When the U.S. debt rating was downgraded recently by Standard & Poor’s, Kirk Demeter’s already-shaky faith in the dollar fell further. He sprang into action.
Mr. Demeter took advantage of concerns about a global growth slowdown and a second U.S. recession to lock in the Australian dollar in his largest-ever foreign-exchange transaction. Believing the Australian dollar wouldn’t stay down versus the U.S. dollar for long, he purchased currency options allowing him to buy the Australian dollar later at hoped-for bargain prices.
Who is Mr. Demeter? A professional currency trader? A Wall Street trader?
Mr. Demeter isn’t a professional currency trader. He owns a vacation-travel company, Down Under Answers, in Bellevue, Wash., that specializes in package deals to Australia and New Zealand.
The company agrees to a travel-package price with a U.S. customer, but it purchases hotel bookings, airfare and tours at a future date. If the Australian dollar takes off against the U.S. dollar in the interim, the difference comes out of Mr. Demeter’s pocket.
One of the problems with a floating exchange rate is that it introduces a new variable for businesses to consider. It makes business more complicated than it need be. How much time does Mr. Demeter spend on the issue of exchange rates? What happens if he’s wrong about the direction of the Aussie Dollar? How can he plan for the future when his profit margin can fluctuate wildly from month to month based on nothing more than his ability to guess the future value of the dollar?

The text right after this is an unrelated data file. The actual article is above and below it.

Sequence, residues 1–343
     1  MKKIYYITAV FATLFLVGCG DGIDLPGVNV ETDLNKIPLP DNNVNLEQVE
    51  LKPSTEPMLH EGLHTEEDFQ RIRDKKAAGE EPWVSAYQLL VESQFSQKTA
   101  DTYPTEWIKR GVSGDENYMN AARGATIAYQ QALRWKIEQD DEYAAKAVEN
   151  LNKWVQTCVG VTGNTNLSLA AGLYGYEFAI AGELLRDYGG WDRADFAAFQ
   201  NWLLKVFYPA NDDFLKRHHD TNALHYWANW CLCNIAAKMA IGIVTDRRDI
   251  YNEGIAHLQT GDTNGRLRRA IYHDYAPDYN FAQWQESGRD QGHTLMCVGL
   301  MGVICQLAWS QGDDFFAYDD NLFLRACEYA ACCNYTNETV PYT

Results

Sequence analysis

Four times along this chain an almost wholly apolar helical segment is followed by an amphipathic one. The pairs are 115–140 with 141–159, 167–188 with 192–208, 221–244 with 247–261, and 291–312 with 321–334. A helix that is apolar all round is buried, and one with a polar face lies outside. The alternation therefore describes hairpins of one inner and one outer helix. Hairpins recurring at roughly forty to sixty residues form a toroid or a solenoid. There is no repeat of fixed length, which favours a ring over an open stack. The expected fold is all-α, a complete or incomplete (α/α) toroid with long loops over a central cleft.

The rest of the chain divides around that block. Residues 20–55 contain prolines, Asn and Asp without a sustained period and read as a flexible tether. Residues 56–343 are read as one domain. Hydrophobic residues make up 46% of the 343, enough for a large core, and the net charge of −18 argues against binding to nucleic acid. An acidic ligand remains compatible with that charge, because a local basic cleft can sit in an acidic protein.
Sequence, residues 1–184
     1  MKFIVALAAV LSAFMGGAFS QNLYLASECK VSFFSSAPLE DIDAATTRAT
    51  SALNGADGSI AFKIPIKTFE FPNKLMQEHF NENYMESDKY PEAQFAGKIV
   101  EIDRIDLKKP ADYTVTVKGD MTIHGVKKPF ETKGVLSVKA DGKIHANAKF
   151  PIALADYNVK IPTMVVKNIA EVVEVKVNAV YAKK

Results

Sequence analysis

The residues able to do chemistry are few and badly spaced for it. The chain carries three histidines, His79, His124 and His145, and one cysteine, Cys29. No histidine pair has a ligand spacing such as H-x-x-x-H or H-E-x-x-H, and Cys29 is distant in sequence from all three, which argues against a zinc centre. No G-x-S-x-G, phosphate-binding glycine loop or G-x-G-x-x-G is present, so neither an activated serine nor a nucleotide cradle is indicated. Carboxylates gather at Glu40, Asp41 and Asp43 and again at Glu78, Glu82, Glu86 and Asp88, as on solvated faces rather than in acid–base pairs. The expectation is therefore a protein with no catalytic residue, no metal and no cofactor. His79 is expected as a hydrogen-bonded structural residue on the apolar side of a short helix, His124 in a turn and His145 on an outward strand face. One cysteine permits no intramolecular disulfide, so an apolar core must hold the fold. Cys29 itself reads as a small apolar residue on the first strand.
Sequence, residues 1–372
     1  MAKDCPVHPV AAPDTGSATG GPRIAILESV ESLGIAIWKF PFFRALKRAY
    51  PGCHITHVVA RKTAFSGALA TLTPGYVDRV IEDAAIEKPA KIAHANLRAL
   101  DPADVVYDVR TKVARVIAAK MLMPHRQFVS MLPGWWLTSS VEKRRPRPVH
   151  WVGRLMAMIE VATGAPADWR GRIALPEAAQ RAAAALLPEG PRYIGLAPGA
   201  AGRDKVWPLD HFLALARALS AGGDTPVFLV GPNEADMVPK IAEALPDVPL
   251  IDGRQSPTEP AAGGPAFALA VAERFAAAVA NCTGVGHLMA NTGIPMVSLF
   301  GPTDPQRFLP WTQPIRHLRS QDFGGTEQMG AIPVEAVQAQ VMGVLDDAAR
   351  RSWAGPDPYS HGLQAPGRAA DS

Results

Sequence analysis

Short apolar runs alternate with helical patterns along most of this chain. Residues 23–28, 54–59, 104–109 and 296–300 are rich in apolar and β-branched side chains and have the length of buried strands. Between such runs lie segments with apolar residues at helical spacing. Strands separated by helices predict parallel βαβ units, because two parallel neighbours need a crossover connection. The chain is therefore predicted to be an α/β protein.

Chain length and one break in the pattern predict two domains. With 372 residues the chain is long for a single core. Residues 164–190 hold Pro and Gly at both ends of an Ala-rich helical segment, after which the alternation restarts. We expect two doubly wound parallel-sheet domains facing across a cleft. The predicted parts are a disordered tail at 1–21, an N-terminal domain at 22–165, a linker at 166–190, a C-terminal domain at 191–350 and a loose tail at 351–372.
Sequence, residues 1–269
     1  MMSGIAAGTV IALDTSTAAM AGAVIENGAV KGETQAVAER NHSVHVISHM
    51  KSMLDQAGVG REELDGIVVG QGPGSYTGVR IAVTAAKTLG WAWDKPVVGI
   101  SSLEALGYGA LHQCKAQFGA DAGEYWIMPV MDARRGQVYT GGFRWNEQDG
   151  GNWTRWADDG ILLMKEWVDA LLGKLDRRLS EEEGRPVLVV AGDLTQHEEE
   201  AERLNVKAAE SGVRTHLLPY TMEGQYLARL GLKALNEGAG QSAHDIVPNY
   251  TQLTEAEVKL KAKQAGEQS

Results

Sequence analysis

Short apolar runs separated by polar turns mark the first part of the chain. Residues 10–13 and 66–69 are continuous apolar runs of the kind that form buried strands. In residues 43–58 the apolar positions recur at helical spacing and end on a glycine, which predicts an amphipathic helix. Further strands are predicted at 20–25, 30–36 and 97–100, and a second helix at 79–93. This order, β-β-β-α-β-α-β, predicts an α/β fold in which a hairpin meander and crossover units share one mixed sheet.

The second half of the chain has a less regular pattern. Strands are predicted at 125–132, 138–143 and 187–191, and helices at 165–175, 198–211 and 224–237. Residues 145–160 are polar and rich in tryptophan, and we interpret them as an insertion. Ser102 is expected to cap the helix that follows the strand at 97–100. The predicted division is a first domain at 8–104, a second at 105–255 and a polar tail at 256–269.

It isn’t just businesses such as this one with direct exposure to the exchange rate that are affected. Volatile exchange rates also make commodity prices, interest rates and a host of other variables more volatile as well. Almost every business is affected whether they are aware of the cause or not. The falling dollar over the last decade has no doubt distorted investment in natural resources as commodity prices have risen. Investments that make sense with oil at $100/barrel may make no sense at all with oil at $50/barrel. When the dollar reverses course, as it did in 2008, plans made based on higher commodity prices are suddenly revealed as uneconomic. Those who hedge improperly can be wiped out regardless of the health of their underlying business. A number of businesses – airlines come to mind – reported large hedging losses in 2007 and 2008 due to not being properly hedged. Even companies that do hedge properly must tie up capital in the hedge transactions that could be better utilized in their underlying business.
The era of floating exchange rates needs to end. Travel agents should not have to devote part of their precious capital to protecting their profit margins from the whims of Ben Bernanke. A strong and stable dollar – we at Alhambra prefer a return to the gold standard – would allow Mr. Demeter to concentrate on selling vacation packages rather than speculating on the value of the dollar.